The solution to the clashing-ego problem mentioned at the beginning is to establish divisions and appoint section heads. This way people only have to deal with their section head. Division leaders would be the only ones required to attend meetings, so that tasks can be delegated, and those personalities that don't work well together won't clash. Of course, everyone would be welcomed at meetings, but it must be understood that meetings are for discussing the project, not sorting out personal grievances. This also lends itself to resolving the majority rules versus tyrant problem. The division heads would finalize decisions based on a majority rules vote amongst themselves with an impeachment/election system in place. This is rather cumbersome, though, and probably unnecessary at this stage.

One possible division division (haha) would be as follows:

  • Management
  • Programming
  • Art
  • Music & Miscellaneous
  • Support & Quality Assurance

To further mix the concepts. The division heads would make up the basic committee structure, but there still could be a a person to have the final say: a head-leader. This person would most likely be the same person who heads the Management division.

There is one basic common requirement of all division-heads: no preexisting personal issues may exist between the head and members in their division.

If the "head-leader" approach is opted for, it is important that they be someone who has no previous problems with anyone. At the very least, the head-leader can not have any problems with other division heads, as problems with other members can be avoided given the meeting structure.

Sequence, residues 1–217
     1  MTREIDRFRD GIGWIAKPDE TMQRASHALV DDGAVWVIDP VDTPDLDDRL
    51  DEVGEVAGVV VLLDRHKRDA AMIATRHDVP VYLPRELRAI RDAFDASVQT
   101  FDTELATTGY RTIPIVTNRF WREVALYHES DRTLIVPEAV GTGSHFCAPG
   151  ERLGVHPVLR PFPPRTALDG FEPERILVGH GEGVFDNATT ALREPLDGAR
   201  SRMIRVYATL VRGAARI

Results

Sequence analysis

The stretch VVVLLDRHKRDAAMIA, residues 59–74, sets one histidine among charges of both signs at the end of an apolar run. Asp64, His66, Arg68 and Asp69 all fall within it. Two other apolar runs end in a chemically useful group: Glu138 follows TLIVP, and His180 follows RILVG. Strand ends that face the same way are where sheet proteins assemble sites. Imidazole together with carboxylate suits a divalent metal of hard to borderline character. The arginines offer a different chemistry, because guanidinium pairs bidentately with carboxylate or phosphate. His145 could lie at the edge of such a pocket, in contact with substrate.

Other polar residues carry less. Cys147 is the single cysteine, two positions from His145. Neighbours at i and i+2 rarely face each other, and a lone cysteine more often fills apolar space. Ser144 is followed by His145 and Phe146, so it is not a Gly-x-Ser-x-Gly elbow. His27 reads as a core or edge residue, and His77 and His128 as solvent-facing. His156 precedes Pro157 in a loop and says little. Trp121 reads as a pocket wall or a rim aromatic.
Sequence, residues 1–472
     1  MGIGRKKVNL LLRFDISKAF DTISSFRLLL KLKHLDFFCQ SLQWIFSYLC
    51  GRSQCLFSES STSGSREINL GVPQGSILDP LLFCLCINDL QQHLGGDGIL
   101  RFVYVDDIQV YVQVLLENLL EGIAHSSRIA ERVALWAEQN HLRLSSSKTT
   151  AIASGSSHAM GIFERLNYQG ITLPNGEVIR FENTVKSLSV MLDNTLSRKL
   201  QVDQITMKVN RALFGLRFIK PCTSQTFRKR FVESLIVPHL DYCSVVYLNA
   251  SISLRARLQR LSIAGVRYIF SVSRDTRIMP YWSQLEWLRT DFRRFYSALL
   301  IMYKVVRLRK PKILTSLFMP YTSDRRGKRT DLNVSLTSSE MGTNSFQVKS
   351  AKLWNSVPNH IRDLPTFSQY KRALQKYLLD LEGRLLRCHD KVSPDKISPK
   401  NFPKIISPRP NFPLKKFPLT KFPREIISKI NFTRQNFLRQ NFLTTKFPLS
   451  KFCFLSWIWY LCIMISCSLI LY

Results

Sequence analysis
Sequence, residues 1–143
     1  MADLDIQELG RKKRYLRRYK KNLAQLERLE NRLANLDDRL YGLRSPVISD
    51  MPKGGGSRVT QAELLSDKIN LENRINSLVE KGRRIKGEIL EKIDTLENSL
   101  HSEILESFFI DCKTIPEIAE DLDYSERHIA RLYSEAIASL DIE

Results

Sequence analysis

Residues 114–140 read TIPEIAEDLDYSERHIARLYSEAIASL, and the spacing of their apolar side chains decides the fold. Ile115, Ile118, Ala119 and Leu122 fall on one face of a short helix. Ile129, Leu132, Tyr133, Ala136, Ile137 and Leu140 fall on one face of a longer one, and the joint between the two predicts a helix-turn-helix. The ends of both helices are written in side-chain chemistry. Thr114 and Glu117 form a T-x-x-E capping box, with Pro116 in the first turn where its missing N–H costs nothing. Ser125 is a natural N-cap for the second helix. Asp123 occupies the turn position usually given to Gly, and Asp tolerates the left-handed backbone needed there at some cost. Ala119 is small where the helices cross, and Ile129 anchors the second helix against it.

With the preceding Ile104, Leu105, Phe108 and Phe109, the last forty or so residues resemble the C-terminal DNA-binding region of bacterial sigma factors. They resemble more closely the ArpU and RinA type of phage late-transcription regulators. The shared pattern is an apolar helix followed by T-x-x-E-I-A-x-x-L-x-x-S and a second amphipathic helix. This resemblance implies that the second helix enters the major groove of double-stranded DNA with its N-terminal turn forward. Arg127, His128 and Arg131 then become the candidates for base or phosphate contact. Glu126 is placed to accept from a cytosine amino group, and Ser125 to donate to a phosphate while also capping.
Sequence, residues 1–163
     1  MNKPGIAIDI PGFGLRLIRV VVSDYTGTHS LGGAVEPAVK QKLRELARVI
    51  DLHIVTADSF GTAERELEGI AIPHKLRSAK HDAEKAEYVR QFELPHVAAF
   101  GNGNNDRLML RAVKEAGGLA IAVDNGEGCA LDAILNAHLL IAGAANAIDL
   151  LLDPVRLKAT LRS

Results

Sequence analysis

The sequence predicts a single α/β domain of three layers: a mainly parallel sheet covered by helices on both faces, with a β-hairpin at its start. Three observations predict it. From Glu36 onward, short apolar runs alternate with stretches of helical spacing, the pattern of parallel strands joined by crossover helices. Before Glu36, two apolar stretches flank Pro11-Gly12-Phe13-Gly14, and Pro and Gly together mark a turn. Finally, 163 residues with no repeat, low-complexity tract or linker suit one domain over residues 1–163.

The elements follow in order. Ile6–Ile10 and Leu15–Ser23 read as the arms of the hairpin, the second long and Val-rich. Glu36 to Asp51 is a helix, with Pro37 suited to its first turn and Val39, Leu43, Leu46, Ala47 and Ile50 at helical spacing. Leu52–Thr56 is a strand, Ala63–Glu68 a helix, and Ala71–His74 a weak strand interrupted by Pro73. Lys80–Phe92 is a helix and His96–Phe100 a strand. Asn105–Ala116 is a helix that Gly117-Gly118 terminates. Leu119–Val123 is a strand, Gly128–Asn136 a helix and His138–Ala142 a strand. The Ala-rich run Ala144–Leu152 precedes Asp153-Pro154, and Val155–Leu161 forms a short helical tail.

It, for example, obviously doesn't matter if the Programming-Head has a problem with someone in the Music & Miscellaneous division (presuming it isn't the division head!), since there doesn't have to be any interaction between them, but it would be problematic if someone new to programming was having fixes ignored because the head didn't like the person.

Instead of having the head-leader double as the Management division head, it might make more sense to have the five divisions above, and a sixth person to act as the head-leader: the person who has the final say.

These are all examples of how to deal with the "final say" decision problem, but I think we would be very foolish not to establish the division hierarchy above as a base to build upon.

In an effort to make things go a bit smoother, in the hopes that everyone will appreciate the importance of everyone else's role, I am going to strongly recommend some reading material:

  • Game Architecture and Design: A New Edition by Andrew Rollings & Dave Morris (ISBN: 0-7357-1363-4)
  • Anything of interest to you at GameDev.net, at a later date I will pick out a few articles in particular I feel we could all benefit from (if they're still online)
  • http://www.wired.com/science/discoveries/news/2006/02/70179 -- The Secret Cause of Flame Wars. Honestly, after having been on IRC for several years, I thought everyone knew this.

The game architecture book is, by far, the most important. I'm not asking you to buy it, but it will be invaluable for anyone sincerely interested in game development. Look for it at your local library, and if they don't have it ask them to order it: libraries do that, take advantage.

The book is split into three parts: 1) Game Design (conception, core design, game play, balancing, look and feel, etc), 2) Team Building (team management methods, roles and divisions, milestones and deadlines, etc), 3) Game Architecture (development methods, initial design, building blocks, etc). The suggested division structure, above, was taken from Part 2, Chapter 10: Roles and Divisions.

Remember, this is about what's best for the development of the new project.

P.S. my apologies to CoD for having to post this here.